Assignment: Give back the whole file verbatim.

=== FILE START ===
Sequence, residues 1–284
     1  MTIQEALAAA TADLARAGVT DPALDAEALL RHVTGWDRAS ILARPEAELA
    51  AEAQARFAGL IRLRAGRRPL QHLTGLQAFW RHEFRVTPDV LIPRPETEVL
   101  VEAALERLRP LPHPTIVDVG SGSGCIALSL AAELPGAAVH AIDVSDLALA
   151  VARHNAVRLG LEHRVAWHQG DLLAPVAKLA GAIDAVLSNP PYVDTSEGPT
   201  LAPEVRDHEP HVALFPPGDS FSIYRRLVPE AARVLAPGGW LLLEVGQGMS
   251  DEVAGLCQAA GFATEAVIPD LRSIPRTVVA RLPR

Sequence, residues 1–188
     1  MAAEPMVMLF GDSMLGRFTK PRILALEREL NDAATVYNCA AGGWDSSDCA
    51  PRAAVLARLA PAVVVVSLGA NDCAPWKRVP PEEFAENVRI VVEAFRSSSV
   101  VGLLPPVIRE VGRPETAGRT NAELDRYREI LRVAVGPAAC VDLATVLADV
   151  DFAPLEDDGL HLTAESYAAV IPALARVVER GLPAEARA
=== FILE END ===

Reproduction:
Sequence, residues 1–284
     1  MTIQEALAAA TADLARAGVT DPALDAEALL RHVTGWDRAS ILARPEAELA
    51  AEAQARFAGL IRLRAGRRPL QHLTGLQAFW RHEFRVTPDV LIPRPETEVL
   101  VEAALERLRP LPHPTIVDVG SGSGCIALSL AAELPGAAVH AIDVSDLALA
   151  VARHNAVRLG LEHRVAWHQG DLLAPVAKLA GAIDAVLSNP PYVDTSEGPT
   201  LAPEVRDHEP HVALFPPGDS FSIYRRLVPE AARVLAPGGW LLLEVGQGMS
   251  DEVAGLCQAA GFATEAVIPD LRSIPRTVVA RLPR

Sequence, residues 1–188
     1  MAAEPMVMLF GDSMLGRFTK PRILALEREL NDAATVYNCA AGGWDSSDCA
    51  PRAAVLARLA PAVVVVSLGA NDCAPWKRVP PEEFAENVRI VVEAFRSSSV
   101  VGLLPPVIRE VGRPETAGRT NAELDRYREI LRVAVGPAAC VDLATVLADV
   151  DFAPLEDDGL HLTAESYAAV IPALARVVER GLPAEARA